I designed a common shell application program that registered and presented the plug-ins to the user with a common grouping interface. This shell offered shared features to the plug-ins like file batching, output logs, progress displays, and inter plug-in communication to share code for things like access to certain file formats like Director. The plug-ins themselves are represented graphically, rather than as text items in pull-down menus, as plug-ins are often represented. This makes them less abstract to the user and distinguishable from built-in items. This also allows the plug-ins to appear to be self-contained objects with their own attributes as tools, metaphorically similar to attachments to vacuum cleaners (Figure 1).
Because plug-ins are graphical objects, the user can move them around via drag and drop. This is important to this interface because it deals with ordered process steps that the user can change on the fly.
In the process of talking to users I learned that they often performed multiple-step sequences that were done repeatedly. For example, the artists remap colors and scale and crop images and animations to programmer specifications. Mediator is designed to perform multiple-step processes via a visual user interface. We already had the visual metaphor of a plug-in icon representing a tool, so why not allow for multiple plug-ins to be put next to each other to build multiple-step processes? Because these processes took files in one end and then ran them through a line of steps and then delivered a final product out the other end, a natural metaphor was of a pipeline (Figure 2).
By using the visual metaphor of pipelines with tactile drag and drop placement we were able to let artists very easily build their own multi-step "macros" and then run batches of files through them. All of a sudden artists were visually scripting and writing batch files.
Pipelines for artists were such a success that we moved on to the needs of a different group of users: the programmers or their data processing assistants, whom we call "Data Wranglers." These people are tasked with wrangling hundreds and now thousands of files through various utilities while adjusting customized preferences for each file. If a single change was needed or a mistake was made, many steps for many files had to be redone.
Pipelines were useful for multiple-step processes and could be run on batches, but the preferences for each step could not be customized per file. Thus, we added to Pipelines the ability to see all of the preferences of each plug-in per file in a kind of spreadsheet row and column format.
I also added to Mediator the ability to have multiple pipelines in the same project. The idea of a processing device with multiple inputs running through "pipelines" and which resulted in outputs made me think of a refinery, extending the pipeline metaphor. Individual pipeline views in a refinery can be expanded or collapsed, and each plug-in’s column can be enlarged to show more detail. Conversely, items can be collapsed to see just a quick overview of the process (Figure 3).
As the output of one plug-in can be used as the input to the next plug-in, the output of one pipeline can, in turn be used as the input of a following pipeline in the same refinery. Complex interdependent processes become simpler to understand when laid out visually with simple natural ordering. The flow is from left to right through plug-ins and then top to bottom from one pipeline to another.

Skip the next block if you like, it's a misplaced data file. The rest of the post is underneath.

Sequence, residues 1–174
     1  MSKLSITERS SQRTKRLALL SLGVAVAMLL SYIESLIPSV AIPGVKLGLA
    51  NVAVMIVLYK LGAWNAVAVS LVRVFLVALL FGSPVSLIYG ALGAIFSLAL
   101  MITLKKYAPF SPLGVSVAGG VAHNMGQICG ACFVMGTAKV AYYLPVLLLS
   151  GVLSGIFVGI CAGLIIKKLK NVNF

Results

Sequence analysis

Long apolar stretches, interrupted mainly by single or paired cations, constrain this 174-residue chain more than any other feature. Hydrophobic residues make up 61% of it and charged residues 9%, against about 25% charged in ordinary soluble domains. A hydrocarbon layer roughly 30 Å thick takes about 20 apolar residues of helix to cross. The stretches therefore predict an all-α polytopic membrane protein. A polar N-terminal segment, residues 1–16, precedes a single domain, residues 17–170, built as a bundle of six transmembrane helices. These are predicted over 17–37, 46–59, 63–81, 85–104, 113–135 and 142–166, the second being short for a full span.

With refineries, all of the settings needed to process hundreds or thousands of files through multiple steps could be entered once, run and then later viewed, edited and rerun with the push of a button rather than through hours of recreating many manual steps.
Another beneficial result of automating processes was that for the first time, some of these arcane procedures were written and their necessity exposed to scrutiny rather than just remaining in the corporate folklore or oral history. Sometimes steps were discovered to be completely unnecessary when different departments actually sat down together to discuss the whole sequence, or multiple steps were turned into a single step by a plug-in or were done away with just through standardization.
By looking at the bigger picture behind the workflow, I was able to design a tool evoking real world metaphors that were reinforced by the user interface to enhance usability. It is ironic that the metaphors I chose were industrial in nature, as I realized along the way that what I was doing was taking our media-processing methods from pre-Industrial Revolution cottage industry hand production to a more modern assembly line by standardizing parts and processes. The most modern of industries, software, had just moved over the same evolutionary path that manufacturing had taken over the centuries.
Senior Software Engineer, Broderbund
Broderbund, a unit of The Learning Company division of Mattel
Sidebar: Company Snapshot
Job Titles for Design and Usability Positions
Designer and prototyper.
Work experience or BA, BFA or BSc, with classes in usability.
Number Employed in Design and Usability
Four out of a 100 total on site are employed in design and usability.
Breadth of Project Teams
One designer per team, with a producer and a half dozen artists, engineers, and sound staff.
Sidebar: Practitioner’s Workbench
- Edward Tufte’s series of books on visual design of information and lectures
- Norman, D. The Design of Everyday Things.
- Reading about historical process/quality theoreticians such as W. Edwards Deming, who by redesigning processes such as workflow improved productivity and quality for whole organizations (much like good user interface design benefits individuals).